Market regulator Sebi intensifies drive against front-running violations


The Securities and Exchange Board of India (Sebi) has intensified its drive against alleged violations of front-running regulations—considered one of the most serious stock market offences. In its latest action, the securities regulator on Thursday carried out search and seizure operations against market experts doling out stock advice on business channels.

The move follows a series of actions taken by in the recent past against mutual fund and broking officials as well as TV anchors and connected entities.

In the latest search at official and residential premises of six entities, seized records including mobile phones, laptops, desktops, tablets and hard drive disks to retrieve data for examination. The searches were carried out in Kolkata, Jaipur, Noida, and Pune.

Sources said will conduct a detailed examination of the data, emails and other documents. It may even pass ex-parte orders if it feels the market’s integrity was compromised by some of the alleged wrongdoers.

Sebi’s action was initiated based on surveillance inputs and internal alert system, said people in the know.

In the latest instance, the modus-operandi of those involved included taking positions in stocks just before making recommendations on TV channels, and later squaring off the positions at a profit when investors looked to act on the advice.

Such front-running constitutes a violation under the Sebi (Prohibition of Fraudulent and Unfair Trade Practices relating to Securities Market) Regulations, 2003, said a legal expert.

“The scope of [the] regulations was broadened to prohibit front-running by non-intermediaries and individuals, with effect from February 1, 2019. The offence attracts a penalty which may extend to Rs 25 crore, or three times the amount of profits made out of such practice, whichever is higher, upon conviction,” said Aman Avinav, partner – dispute resolution, Phoenix Legal.

Last year, Axis Mutual Fund had terminated two fund managers for alleged breach of securities law.

The legal fraternity said Sebi’s drive would send a strong signal to the market. However, they were of the opinion that such cases could be challenged legally.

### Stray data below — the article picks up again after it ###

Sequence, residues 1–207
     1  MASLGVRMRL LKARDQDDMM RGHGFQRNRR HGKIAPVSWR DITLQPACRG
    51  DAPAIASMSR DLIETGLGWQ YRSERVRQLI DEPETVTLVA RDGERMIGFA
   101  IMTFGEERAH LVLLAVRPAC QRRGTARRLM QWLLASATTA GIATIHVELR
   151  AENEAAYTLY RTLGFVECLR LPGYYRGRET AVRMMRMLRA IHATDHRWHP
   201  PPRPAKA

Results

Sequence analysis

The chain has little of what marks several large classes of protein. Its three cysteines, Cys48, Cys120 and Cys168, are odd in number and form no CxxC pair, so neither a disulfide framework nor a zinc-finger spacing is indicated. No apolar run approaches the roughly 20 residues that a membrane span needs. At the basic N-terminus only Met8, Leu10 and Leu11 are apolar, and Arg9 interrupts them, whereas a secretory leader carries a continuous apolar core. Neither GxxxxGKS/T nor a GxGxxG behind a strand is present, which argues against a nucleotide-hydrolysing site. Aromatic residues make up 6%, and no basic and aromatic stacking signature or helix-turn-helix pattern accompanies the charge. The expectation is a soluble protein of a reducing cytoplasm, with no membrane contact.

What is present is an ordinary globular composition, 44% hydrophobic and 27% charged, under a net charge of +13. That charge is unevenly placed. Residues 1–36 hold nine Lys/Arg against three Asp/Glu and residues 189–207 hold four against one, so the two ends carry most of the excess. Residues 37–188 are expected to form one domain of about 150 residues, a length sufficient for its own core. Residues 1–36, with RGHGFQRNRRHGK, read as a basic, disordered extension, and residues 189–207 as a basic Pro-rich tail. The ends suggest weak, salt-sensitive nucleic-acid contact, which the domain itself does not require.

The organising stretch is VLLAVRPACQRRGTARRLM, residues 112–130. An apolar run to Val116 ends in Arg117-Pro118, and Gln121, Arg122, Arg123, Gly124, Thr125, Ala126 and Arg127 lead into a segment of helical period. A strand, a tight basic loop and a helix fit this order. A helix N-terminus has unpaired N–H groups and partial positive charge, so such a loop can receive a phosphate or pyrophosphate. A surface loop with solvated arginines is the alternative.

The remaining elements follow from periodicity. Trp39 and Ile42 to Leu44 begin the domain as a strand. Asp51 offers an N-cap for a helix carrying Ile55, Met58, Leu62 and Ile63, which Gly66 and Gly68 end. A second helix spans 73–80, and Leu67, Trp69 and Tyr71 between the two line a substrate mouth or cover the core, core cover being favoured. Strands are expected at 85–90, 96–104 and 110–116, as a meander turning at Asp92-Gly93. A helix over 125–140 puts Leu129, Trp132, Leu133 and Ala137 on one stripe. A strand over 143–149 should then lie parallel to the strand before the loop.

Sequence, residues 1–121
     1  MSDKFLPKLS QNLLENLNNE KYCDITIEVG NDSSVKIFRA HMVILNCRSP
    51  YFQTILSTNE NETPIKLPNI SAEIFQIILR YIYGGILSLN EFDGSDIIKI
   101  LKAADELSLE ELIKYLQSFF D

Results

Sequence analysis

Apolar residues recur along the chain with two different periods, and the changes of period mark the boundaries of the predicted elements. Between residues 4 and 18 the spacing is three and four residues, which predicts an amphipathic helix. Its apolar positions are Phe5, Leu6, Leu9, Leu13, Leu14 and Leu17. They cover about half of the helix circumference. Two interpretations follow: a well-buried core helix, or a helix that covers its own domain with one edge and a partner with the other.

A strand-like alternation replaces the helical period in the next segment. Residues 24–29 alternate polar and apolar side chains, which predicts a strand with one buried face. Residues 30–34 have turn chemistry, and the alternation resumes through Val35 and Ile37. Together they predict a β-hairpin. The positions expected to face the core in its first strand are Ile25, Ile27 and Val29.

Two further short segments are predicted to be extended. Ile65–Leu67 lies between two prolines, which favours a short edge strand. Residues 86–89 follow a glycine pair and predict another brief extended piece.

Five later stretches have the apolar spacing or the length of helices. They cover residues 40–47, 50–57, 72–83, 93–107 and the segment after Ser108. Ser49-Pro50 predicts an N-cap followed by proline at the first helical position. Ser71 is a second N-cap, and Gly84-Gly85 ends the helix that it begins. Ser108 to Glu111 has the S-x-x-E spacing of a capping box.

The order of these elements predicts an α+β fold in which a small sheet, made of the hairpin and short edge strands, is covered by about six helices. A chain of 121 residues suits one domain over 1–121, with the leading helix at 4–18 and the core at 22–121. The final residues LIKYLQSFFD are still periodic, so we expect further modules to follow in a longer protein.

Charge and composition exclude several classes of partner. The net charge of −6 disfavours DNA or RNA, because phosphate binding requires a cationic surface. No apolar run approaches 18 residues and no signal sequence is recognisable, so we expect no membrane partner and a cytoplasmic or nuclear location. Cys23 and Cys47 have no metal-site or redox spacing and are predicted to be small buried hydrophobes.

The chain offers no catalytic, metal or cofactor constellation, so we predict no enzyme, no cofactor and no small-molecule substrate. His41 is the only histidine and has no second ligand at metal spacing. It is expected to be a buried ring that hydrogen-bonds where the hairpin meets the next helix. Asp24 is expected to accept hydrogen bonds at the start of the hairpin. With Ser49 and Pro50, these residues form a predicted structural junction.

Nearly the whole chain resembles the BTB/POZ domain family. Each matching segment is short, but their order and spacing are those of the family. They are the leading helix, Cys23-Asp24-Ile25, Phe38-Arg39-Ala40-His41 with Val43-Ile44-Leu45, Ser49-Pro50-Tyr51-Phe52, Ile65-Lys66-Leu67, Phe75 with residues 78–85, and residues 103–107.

Experts believe it would be difficult for legal authorities to establish that the stock advice given on TV can indeed move the . In the past orders passed in similar matters, the regulator had done a thorough analysis of the time such advice was telecast, the spike in trading volumes, and the movement in price.

However, the regulator has faced challenges before the Securities Appellate Tribunal (SAT), which entertains appeals by parties aggrieved by Sebi action.

In August, SAT had set aside a ban imposed by Sebi on a TV anchor for alleged involvement in fraudulent trading practices. The interim order was issued by Sebi in January 2021. In October 2021, the regulator had barred another anchor for similar violations.

According to data for FY22, front-running cases accounted for the largest share of regulatory investigations into violations of the PFUTP regulations.

“In a market like India, where business channels still hold dominance over securities-related recommendations for a large section of people, it can be seen as a necessary action from the regulator. Considering previous cases, this action by Sebi does not seem to come out of the blue,” said Siddharth Mody, senior partner at Desai & Diwanji.

Sebi’s annual report had noted that the systems to detect such violations were in place, which helped with enforcement. The total number of completed FUTP investigations, including front-running as well as other violations, rose from 46 to 82 between FY21 and FY22. But, the number of new cases taken up for investigations dropped from 41 to 38 in the same period.



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